After a couple of years of running secondhand cars as a disciple of bangernomics, it became apparent that two factors were beginning to affect life negatively.
One, the impact on my bank account of frequently replacing parts and cars, and travelling to find the best deals, was as bad as just signing up for a lease car. Two, I was beginning to resemble the cars I drove: shabby, tired and a little disreputable.
So, when work demands suggested a new car would be more appropriate than renewing my fleet of old sheds, I began searching for a suitable long-term companion that could be had for a reasonable monthly amount.
No automatics for the people?
Preferring automatics really reduces the choice; competitive lease prices are generally only available on manual cars.
Yet the sea of silver and grey mid-size executive saloons just didn’t appeal, and when you really value rugged build and longevity, and have a fondness for four-wheel drive, the prices go sky high. Even a popular car like the Skoda Superb works out at almost £500/month if you want the 4×4 automatic version.
Pickups, however, have a lot of appeal. Not only are they advantageous for sole traders and businesses anyway, you get a robust chassis and suspension that laughs at potholes, a high driving position that suits a photographer’s eye for the landscape, and good resale value. Lifestyle models are generally well equipped, too.
Adding the demand of a family house in need of renovation, the lure of the tax-friendly, high-residual pickup truck became rather hard to ignore.
A buyers’ market for pickups?
Presently, the pickup market is fiercely competitive. Based on Parkers Vans reviews, feedback from family and friends, and of course my own tastes, the shortlist came down to the tough Toyota Hilux, the tastefully conservative VW Amarok, and the popular Mitsubishi L200.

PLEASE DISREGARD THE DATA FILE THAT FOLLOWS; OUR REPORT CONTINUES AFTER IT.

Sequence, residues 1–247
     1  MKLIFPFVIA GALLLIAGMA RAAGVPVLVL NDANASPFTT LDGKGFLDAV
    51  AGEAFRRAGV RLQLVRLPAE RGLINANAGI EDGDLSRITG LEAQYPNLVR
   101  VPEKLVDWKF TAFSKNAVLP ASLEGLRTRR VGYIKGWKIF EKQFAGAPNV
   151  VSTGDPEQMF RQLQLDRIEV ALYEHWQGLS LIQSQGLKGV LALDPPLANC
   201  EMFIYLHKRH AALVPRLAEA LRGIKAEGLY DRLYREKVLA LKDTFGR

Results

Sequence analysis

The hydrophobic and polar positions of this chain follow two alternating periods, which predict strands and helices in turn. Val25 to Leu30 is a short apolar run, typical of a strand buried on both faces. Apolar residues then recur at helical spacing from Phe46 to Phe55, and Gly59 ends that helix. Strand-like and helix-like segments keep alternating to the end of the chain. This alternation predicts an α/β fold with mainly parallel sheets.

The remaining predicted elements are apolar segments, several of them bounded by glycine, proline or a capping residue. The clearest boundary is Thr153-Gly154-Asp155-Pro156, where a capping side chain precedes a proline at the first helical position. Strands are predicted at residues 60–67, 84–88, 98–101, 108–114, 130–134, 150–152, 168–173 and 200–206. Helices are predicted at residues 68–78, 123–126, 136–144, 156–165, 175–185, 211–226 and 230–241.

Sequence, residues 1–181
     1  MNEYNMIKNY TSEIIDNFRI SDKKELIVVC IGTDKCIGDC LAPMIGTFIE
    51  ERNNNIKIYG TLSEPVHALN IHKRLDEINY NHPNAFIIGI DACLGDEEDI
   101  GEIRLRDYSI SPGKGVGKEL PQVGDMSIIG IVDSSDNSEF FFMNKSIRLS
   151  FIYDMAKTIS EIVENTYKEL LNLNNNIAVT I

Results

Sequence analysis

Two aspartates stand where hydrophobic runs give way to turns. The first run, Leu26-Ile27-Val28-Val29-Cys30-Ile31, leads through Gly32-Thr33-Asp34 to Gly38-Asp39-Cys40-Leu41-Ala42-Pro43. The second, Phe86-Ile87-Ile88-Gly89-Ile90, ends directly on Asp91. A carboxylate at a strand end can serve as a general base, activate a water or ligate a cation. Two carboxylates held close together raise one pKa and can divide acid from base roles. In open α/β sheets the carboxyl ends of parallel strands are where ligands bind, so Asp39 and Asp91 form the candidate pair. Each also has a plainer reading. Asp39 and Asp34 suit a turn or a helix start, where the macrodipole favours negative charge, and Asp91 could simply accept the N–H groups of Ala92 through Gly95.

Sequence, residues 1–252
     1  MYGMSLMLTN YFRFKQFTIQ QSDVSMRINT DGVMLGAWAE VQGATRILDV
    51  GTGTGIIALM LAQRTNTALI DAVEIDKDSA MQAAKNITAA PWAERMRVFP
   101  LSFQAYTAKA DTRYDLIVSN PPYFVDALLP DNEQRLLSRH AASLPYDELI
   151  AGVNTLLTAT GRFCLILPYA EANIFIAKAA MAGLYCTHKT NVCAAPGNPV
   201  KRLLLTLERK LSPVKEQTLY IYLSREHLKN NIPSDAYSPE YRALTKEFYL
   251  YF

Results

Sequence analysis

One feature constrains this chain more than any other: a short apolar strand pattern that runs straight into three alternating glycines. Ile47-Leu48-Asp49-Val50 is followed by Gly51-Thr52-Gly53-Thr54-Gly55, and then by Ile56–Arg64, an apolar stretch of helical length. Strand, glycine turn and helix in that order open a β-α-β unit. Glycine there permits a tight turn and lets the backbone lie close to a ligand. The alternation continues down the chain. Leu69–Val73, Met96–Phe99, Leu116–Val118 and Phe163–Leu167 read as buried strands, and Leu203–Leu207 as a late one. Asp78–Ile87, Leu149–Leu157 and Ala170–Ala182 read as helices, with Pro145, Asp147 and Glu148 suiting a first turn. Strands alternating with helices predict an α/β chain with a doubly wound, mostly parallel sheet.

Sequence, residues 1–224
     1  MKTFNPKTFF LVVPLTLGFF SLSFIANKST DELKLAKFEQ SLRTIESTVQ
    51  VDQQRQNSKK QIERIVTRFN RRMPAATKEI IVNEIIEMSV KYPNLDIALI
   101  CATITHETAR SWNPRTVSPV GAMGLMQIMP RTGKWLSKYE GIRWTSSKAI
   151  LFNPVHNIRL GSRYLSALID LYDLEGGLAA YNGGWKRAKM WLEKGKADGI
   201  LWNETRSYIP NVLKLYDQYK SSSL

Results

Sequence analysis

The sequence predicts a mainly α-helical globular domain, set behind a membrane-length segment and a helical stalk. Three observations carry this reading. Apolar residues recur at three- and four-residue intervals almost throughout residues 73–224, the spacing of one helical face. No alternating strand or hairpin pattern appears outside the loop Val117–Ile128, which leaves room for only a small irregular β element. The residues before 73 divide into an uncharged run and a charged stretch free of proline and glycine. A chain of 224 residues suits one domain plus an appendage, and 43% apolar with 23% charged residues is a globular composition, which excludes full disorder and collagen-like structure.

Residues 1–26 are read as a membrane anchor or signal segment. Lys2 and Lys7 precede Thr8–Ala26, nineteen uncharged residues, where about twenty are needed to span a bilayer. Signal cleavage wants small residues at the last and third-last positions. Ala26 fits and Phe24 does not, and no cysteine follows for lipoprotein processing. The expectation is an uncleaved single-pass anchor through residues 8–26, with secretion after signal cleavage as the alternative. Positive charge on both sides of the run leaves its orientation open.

All are readily available with automatic transmissions, and marketed by manufacturers and brokers alike with sub-£300/month leasing.
However, my 20,000 miles per year requirement rather ruined those figures, and the best deals involve a four-year commitment; this meant I’d end up spending a small fortune overall.
With those considerations, not even those models designed to specifically appeal to the budget-conscious buyers could help me. The SsangYong Musso and Great Wall Steed may have list prices way lower than the mainstream, but their lease rates still aren’t especially competitive.
Then, lurking among the searches, a relative mystery machine appeared from the brokers with strongly compelling figures: the Fiat Fullback.
Fullback comes in from the subs’ bench
Fiat’s Fullback is a rare sight on UK roads at the moment. Until recently it was only offered by Fiat Professional van dealers and the firm is not known for these kinds of vehicles at all.
As such, Fiat has made no secret of the Fullback’s origins as a badge-engineered double cab Mitsubishi L200. So it’s actually a truck from my shortlist – albeit one that’s slightly better value for money in range-topping LX form.
As always, the best deals are only available on cars taken from stock, limiting the colour choices, but as the LX has no factory options – only dealer fit accessories – this really isn’t a significant issue.
Test driving the manual
I wasn’t able to test drive an auto, but a spin in the six-speed manual revealed the Fullback’s 181hp diesel engine to be remarkably refined, and performance more than adequate. In fact, it goes 0-62mph in less than 10 seconds.
Comparison with a similarly-priced executive car is perhaps unfair, yet the Fullback LX features a touch-screen infotainment system with DAB radio and sat-nav, heated leather seats, automatic wipers and bi-xenon lights, plus a useful reversing camera.
Behind the wheel the traditional advantages of high driving position and a reasonably upright, close windscreen with moderately sized pillars inspired confidence, and large mirrors made lane changes relatively stress-free. Tailgaters can be difficult to spot, though.